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Craig Newman

4.0 out of 5 stars I hate electronic books, but worth considering, June 24, 2013

I’ve reviewed the major books on the JFK assassination and list them at the end of this review.

First off, since the table of contents is not in Look Inside the Book, where it should be, here is that bit:

Preface
1. The 1960 Campaign and Election
2. Vietnam and the CIA
3. The Conspiracy and the Global Elite
4. Oswald and his Part in the Conspiracy
5. Why Johnson was only a Part of the Conspiracy
6. The Real Reasons
7. Repercussions
8. Conclusion

The book asks and tries to answer a few questions about the Kennedy assassination that haven’t been asked often enough even after nearly 50 years.

Questions like, “Why?”, “Who benefited?”, and “Why the major cover-up?”.

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Jun 24

Review (Guest): The Invention of the Land of Israel: From Holy Land to Homeland

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Shlomo Sand

5.0 out of 5 stars Excellent Complement to First Book! December 6, 2012

“The Invention of the Land of Israel” is the follow up to the fascinating and controversial “The Invention of the Jewish People“. This excellent book serves as a complementary addition to the aforementioned book and fills gaps left behind. Historian and outspoken professor, Shlomo Sand does it again with this enlightening and educational book that reveals the history behind the Land of Israel. This 304-page book is composed of the following five chapters: 1. Making Homelands: Biological Imperative or National Property?, 2. Mytherritory: In the Beginning, God Promised the Land, 3. Toward a Christian Zionism: and Balfour Promised the Land, 4. Zionism Versus Judaism: The Conquest of “Ethnic” Space, and 5. Conclusion: The Sad Tale of the Frog and the Scorpion.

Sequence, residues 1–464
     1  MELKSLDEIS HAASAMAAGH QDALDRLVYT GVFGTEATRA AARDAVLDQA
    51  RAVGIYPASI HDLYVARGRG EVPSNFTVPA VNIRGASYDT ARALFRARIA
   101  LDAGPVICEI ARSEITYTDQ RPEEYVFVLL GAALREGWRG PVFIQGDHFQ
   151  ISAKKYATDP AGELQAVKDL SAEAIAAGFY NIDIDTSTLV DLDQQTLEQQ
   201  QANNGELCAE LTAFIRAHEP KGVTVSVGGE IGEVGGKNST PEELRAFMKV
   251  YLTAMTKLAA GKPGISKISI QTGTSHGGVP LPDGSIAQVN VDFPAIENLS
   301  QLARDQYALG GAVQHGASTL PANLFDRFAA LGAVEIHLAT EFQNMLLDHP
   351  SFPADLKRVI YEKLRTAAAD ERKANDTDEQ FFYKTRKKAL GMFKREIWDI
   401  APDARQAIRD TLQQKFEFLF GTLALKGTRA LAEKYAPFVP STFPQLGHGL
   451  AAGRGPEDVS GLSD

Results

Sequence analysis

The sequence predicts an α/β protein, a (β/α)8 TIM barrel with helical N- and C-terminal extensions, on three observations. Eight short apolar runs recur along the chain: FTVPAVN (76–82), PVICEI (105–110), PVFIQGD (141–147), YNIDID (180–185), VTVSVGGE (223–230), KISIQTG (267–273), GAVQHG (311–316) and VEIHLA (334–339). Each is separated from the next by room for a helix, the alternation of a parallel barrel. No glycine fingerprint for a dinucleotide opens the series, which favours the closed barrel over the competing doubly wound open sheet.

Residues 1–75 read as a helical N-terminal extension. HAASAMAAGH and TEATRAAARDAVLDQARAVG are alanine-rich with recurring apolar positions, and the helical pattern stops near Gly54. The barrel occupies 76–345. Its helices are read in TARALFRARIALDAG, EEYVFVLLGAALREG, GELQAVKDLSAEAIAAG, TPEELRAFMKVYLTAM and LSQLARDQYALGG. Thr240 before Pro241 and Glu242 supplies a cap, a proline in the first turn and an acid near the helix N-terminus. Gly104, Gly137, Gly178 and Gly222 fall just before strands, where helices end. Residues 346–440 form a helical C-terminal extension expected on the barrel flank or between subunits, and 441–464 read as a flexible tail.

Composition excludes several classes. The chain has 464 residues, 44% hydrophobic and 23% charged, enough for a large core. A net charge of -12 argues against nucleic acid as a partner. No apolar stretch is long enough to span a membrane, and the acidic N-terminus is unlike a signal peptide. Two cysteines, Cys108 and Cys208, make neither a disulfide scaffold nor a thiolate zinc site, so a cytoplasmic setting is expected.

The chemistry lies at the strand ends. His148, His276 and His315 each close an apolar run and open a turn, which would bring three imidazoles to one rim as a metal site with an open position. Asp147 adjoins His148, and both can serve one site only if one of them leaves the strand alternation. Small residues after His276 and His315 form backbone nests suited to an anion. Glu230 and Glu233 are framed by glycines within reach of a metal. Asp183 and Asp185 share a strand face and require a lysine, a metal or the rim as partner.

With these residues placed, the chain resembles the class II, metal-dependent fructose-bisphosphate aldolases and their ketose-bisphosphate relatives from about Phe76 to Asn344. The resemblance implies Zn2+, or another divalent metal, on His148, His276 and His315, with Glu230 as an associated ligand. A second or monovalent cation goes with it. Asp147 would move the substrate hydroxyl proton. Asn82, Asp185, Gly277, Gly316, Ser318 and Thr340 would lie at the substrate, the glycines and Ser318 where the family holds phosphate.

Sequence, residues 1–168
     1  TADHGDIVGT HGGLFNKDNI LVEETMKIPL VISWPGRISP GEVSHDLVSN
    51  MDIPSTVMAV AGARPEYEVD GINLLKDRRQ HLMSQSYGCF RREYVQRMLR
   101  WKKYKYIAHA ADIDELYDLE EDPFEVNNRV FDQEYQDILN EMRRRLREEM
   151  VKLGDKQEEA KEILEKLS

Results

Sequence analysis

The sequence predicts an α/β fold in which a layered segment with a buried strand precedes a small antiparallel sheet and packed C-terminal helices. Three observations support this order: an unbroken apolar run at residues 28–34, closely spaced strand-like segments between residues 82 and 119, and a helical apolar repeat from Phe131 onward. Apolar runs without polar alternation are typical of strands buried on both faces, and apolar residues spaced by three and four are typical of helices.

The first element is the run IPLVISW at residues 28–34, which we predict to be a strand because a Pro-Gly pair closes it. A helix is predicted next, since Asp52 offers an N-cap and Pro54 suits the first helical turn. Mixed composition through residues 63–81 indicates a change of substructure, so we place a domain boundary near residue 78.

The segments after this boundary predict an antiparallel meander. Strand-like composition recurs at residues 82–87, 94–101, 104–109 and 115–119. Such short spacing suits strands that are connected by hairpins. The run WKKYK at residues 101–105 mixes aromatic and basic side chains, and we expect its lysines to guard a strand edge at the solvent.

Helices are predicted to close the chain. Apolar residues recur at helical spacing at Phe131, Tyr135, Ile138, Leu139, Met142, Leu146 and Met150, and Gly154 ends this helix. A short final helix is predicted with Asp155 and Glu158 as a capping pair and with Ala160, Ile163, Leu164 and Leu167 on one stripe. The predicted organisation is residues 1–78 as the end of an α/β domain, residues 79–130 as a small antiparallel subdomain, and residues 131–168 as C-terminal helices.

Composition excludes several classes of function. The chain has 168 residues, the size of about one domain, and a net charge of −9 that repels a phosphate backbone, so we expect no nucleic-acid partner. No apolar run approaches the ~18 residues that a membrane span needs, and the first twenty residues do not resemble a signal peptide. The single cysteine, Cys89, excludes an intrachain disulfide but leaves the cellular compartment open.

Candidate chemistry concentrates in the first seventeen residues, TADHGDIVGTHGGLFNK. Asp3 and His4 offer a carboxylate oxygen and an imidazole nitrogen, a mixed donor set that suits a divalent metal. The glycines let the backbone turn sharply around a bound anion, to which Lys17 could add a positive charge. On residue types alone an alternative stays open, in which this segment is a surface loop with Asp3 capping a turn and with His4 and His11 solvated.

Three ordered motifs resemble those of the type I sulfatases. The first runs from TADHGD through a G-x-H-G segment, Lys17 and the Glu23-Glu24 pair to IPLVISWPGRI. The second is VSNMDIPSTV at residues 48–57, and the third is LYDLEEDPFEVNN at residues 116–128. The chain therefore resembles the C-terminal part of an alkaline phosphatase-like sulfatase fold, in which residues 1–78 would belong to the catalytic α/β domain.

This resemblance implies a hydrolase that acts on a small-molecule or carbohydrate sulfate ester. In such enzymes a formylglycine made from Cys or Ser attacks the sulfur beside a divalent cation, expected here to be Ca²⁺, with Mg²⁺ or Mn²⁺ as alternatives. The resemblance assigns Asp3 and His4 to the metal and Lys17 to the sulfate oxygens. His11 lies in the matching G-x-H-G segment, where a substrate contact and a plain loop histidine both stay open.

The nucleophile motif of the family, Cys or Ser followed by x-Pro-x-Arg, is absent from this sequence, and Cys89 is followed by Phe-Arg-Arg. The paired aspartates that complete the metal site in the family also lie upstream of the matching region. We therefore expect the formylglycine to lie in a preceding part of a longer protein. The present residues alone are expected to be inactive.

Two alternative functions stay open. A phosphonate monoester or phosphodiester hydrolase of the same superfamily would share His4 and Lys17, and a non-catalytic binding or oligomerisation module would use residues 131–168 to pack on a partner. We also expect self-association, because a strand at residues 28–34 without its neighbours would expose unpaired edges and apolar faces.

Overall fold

Positives:
1. A well-researched and well-cited book that takes you into the always fascinating world of Jewish history.
2. As candid and forthright a book as you will find. Professor Sand provides solid and well-cited evidence in support of his arguments.
3. Enlightening and thought-provoking book to say the least.
4. An excellent complement to his best-selling book “The Invention of the Jewish People”.
5. The myth that was the forced uprooting of the “Jewish people.”
6. The book does a wonderful job of explaining how the dissemination of a formative historical mythos occurred. “Never did I accept the idea of the Jews’ historical rights to the Promised Land as self-evident.”
7. Clarifies some of the misunderstood points made in his previous book.
8. Professor Sand takes pride in his historical scholarship and it shows. The quest for primary sources. The author does a good job of letting the readers know what he does have a good handle on and what he doesn’t.
9. Explains what really precipitated the establishment of the State of Israel.
10. The book achieves its goal of tracing the ways in which the “Land of Israel” was invented.
11. The book achieves the main goal of disparaging the official historiography of the Zionist Israeli establishment.
12. The notion of “homeland” in perspective. “It is important to remember that homelands did not produce nationalism, but rather the opposite: homelands emerged from nationalism.” The concept of territorial entity.

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Apr 29